IE 11 is not supported. For an optimal experience visit our site on another browser.

Billy Bob Thornton opens up

Now there is some tough talk from Billy Bob Thornton, as he speaks out about his violent, troubled childhood and about what really happened with the wife he loved and lost: Angelina Jolie.
Dateline / NBC
/ Source: Dateline NBC

For Billy Bob Thornton, Hollywood's latest version of "The Alamo" was a chance to play a straight-shooting, tough-talking American legend. Now there is some tough talk from the actor himself, as he speaks out about his violent, troubled childhood and about what really happened with the wife he loved and lost: Angelina Jolie.

Billy Bob Thornton: “At the risk of sounding pompous, I'm going to say that my life has been, up to this point, similar to Davey Crockett's." 

It sounds farfetched at first. Billy Bob Thornton as the legendary Davey Crockett, king of the wild frontier? But it is a role Thornton believes he was born to play.

Thornton: “Davey Crockett was born in the backwoods. I grew up in the backwoods. He was a storyteller. He was a humorous guy. He was a serious guy. He was kind of a tough guy at times. There are things that are so parallel that it's kind of frightening.

Crockett was at The Alamo, the 1836 battle in which a few hundred settlers fought to their deaths, against more 2,000 well-armed Mexican soldiers, their courage inspiring the birth of Texas. But even before the premier, reports of extensive re-editing were leaked to the press. 

Ann Curry: “How do you respond to the industry buzz that "The Alamo" is in trouble?"

Thornton: “The people who start that crap are the people that I fight with every day. Name one movie where the filmmaker was not asked to cut it. And I'll kiss your butt. This is standard practice.”

Curry: “This movie's not in trouble?”

Thornton: “Of course not.”

Thornton is prickly in defending "The Alamo" because he says the movie's message is one he cares deeply about, that even flawed men can rise to greatness. 

Thornton: “We're making a movie about people that we consider heroes. We did it because we cared about it. And if somebody wants to put that down, then I think they're assholes. We tried. We gave it everything we had.”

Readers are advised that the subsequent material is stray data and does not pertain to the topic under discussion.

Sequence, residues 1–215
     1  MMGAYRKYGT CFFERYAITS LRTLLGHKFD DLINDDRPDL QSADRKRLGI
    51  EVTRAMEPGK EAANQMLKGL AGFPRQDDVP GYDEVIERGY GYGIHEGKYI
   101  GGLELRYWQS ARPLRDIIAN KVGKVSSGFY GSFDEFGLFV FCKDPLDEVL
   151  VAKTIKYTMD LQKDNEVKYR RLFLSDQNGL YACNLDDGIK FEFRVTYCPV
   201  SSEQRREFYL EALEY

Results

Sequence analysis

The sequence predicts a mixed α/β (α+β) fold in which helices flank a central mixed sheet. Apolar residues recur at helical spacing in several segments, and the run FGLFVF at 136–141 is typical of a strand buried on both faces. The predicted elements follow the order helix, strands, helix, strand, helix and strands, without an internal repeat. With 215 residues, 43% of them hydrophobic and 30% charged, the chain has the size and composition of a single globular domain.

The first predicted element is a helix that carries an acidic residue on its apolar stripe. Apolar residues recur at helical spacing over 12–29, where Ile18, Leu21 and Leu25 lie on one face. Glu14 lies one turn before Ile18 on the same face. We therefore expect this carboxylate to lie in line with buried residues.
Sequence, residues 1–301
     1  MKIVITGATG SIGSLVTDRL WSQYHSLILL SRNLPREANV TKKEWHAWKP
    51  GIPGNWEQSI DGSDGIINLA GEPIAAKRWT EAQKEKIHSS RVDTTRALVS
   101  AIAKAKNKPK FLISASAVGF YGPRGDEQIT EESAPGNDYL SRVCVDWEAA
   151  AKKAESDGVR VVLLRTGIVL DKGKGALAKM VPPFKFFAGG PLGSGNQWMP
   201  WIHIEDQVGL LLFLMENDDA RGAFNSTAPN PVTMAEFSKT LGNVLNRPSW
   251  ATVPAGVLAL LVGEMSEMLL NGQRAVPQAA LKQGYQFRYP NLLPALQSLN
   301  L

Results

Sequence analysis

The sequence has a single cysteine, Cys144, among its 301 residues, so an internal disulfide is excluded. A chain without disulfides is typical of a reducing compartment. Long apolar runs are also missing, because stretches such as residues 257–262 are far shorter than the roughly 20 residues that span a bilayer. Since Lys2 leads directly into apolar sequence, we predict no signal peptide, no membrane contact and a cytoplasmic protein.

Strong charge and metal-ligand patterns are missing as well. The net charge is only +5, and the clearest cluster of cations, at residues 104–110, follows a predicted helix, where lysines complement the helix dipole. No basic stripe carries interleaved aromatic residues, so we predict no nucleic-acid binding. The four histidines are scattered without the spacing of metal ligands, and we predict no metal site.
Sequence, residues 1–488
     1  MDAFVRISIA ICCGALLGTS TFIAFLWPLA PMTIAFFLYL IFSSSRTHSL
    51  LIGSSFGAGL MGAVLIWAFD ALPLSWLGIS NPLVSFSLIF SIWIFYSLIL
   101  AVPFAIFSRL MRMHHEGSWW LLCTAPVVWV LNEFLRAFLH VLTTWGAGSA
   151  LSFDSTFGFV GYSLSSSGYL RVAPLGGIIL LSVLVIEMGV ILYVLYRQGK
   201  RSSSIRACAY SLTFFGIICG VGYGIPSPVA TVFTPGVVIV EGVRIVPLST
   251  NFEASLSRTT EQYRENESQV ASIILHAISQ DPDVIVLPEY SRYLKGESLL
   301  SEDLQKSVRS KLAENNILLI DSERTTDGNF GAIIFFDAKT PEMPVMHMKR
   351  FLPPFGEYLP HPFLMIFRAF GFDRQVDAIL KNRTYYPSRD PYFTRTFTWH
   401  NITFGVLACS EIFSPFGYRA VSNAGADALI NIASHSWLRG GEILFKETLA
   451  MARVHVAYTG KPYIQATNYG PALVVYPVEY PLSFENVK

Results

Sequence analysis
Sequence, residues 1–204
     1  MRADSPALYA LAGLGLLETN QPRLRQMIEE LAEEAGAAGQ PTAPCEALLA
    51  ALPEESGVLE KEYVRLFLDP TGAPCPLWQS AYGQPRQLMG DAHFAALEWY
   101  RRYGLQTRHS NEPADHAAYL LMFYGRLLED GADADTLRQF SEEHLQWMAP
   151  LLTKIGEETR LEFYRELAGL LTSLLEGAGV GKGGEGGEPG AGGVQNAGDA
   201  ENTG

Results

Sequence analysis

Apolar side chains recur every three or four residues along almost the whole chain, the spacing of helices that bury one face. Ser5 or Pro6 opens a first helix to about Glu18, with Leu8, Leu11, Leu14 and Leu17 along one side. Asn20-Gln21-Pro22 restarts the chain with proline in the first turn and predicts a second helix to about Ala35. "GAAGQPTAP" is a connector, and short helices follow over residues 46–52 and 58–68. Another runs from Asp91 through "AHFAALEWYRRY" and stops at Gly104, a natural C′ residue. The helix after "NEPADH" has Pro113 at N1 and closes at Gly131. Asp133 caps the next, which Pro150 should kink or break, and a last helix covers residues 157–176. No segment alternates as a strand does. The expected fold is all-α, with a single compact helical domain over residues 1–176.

And when Thornton cares deeply about anything, what does he do?

Curry: “Now, is it true that you have ‘The Alamo’ tattooed on your back?”

Thornton: “It is true.”

Thornton's Crockett is nuanced, conflicted about fame, ambivalent about killing, and fearful about dying. It is his first leading role in a Hollywood blockbuster.

Thornton: “So when they start asking to do stuff like that, it's like, I am somebody aren't I?”

Curry: “You've done 50 movies. And it took this to teach you that you're doing okay?”

Thornton: “Yeah.”

Curry: “Why?”

Thornton: “I don't know. And I don't even realize that people know who I am sometimes. Like I'll be in a record store looking through some-- I still call them records. Sorry. And somebody'll come and he'll say, ‘Excuse me.’ And I think I'm in the way.”

A troubled childhood
Thornton's deeply held insecurities come from his profoundly difficult upbringing. I spoke to his mother, Virginia, on the telephone and she explained just how tough his childhood was.

Curry: “Your mother told me that your father beat you repeatedly. And that sometimes he would wheel his belt so angrily, that he would hit you on the head wildly. She described a horror.”

Thornton: “That's right.”

Curry: “Is that how you remember it?”

Thornton: “Yes.”

Curry: “As intense as that?”

Thornton: “Worse.”

Curry: “Do you remember how young you were when you first were beaten?”

Thornton: “Well, I remember being about probably three or four.”

His father, often out of work, could barely support the family.

Curry: “To all the people listening, who right now are living with this violence in their home or who themselves have lived with this violence, you say what?”

Thornton: “I say get away from it, but don't punish the person who has inflicted it upon you.  Forgive them and leave.”

Curry: “If you're a kid, it's hard to leave. You couldn't.”

Thornton: “If you're able to, if you have the capability of leaving it, you do. If you don't, turn towards your imagination and dream of a future when you can.”

Curry: “Here’s a thing your mother tells me, that as your dad was lying there dying of cancer, lung cancer, he was hallucinating.”

Thornton: “That's right.”

Curry: “That bugs were falling into his mouth. It was so horrible to watch, that your other brothers turned away. But you stayed with him, and you took care of him. You took care of the man who beat you.  Now why'd you do that?”